Autistic man 'refused help' on train calls for awareness
A man with a severe form of autism who was told he could not board a train by a guard is calling for more awareness of the condition on public transport.
Andrew Edwards, 32, from Wrexham, travelled to Lord's cricket ground in London with his nephew on the train.
But he said he was left distressed as he tried to get home after a "rude" guard did not help him with his ticket and the train left without him.
Virgin Trains said it had contacted both customers to apologise.
Mr Edwards told BBC Wales' X-Ray programme his autism can leave him easily stressed and he has obsessive behaviours, which can "lead to meltdowns".
One of his passions is cricket and when he decided to travel to Lord's to watch England v South Africa, his 21-year-old nephew, Louis Beckley, agreed to go with him to act as a carer.
The pair bought train tickets in advance in the form of M-tickets - tickets on a mobile phone - with Mr Edwards admitting: "Planning is very important, because with autism you have to plan. I don't like the unknown."
They said the journey from Chester to London went well, but their return did not go so smoothly, despite arriving at Euston station an hour and a half early.
When they tried to board their train, they handed Mr Edwards' phone to the Virgin Trains guard, with their journey details displayed on the screen.
But they said the guard was "very rude and unhelpful", insisting he could not see a valid barcode on the M-ticket.
Mr Edwards explained he had autism and asked for extra assistance to activate the ticket, but the guard refused to help.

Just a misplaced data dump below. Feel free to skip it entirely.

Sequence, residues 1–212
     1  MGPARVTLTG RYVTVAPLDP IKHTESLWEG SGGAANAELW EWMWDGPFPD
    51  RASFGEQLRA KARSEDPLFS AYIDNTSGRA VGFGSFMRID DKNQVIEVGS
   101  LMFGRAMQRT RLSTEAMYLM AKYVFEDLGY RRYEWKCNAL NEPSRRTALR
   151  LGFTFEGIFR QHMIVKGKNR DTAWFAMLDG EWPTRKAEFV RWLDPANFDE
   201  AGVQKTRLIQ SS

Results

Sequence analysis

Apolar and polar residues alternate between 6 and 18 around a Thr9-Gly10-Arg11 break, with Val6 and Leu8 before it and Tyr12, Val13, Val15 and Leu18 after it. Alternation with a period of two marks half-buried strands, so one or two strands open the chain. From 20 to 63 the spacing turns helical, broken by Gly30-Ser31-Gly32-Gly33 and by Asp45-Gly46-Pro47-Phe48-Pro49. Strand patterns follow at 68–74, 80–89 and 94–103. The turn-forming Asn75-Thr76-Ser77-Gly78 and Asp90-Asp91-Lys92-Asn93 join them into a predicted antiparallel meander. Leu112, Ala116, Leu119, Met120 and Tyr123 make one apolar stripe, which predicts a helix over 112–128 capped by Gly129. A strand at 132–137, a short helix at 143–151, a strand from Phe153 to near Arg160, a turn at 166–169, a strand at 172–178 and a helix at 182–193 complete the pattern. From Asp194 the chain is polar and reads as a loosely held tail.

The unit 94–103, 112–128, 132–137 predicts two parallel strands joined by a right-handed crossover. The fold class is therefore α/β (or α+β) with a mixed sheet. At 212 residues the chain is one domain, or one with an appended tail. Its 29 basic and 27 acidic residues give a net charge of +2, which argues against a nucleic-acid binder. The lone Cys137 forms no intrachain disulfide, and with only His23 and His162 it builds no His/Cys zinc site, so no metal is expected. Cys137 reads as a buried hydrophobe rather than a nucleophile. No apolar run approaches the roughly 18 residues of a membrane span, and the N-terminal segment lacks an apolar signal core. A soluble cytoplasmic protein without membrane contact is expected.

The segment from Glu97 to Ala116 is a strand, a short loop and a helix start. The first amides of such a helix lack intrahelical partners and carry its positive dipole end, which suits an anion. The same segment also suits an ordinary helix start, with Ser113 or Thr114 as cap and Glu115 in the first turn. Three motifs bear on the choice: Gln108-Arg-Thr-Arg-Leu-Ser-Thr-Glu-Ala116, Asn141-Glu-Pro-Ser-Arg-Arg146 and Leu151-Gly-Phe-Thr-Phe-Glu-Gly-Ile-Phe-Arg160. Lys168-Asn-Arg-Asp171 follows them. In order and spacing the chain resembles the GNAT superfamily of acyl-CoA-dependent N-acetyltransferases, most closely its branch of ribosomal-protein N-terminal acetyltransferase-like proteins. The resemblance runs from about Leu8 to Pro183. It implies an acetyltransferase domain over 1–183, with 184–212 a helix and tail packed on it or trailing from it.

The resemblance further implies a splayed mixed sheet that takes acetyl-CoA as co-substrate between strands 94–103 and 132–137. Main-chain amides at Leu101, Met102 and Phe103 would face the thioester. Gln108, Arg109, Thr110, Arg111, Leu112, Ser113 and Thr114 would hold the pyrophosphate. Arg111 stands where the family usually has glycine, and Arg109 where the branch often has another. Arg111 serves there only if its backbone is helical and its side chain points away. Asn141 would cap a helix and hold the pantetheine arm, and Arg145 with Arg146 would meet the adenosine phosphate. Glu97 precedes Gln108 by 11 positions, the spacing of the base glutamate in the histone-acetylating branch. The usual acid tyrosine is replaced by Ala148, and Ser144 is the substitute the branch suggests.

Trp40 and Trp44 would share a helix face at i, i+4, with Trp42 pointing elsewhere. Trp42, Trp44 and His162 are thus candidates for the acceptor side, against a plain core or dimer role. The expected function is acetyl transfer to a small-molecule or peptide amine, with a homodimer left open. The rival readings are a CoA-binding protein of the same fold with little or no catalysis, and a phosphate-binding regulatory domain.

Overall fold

'Respect and dignity'
Mr Beckley said: "Uncle Andrew was very stressed, inconsolable once he realised that they weren't going to let us on the train."
Mr Edwards, who lives in Gwersyllt, added: "I said to the guard that was rude to us, 'I want to go home, I want to get home and see my mum'."
The pair rushed to the ticket office where they were given help to activate the ticket on the phone. But, having missed their train, they then had to pay £110 for new tickets.
Mr Edwards said he was not given the respect, dignity and support that train companies are supposed to give to disabled passengers.
"There's loads of people with autism out there and the thing is, it's more understood in a lot of quarters than it's ever been, but there's so much further to go," he added.
A Virgin Trains spokesman said: "They will both be refunded in full and offered an additional gesture of goodwill so we can restore their confidence in travelling with us."
Rail companies operate a system called JourneyCare for passengers with additional or special needs.
It allows people to register their details and any help they require, so companies can make the necessary arrangements.
X-Ray is on BBC One Wales at 19:30 BST on Monday, 2 October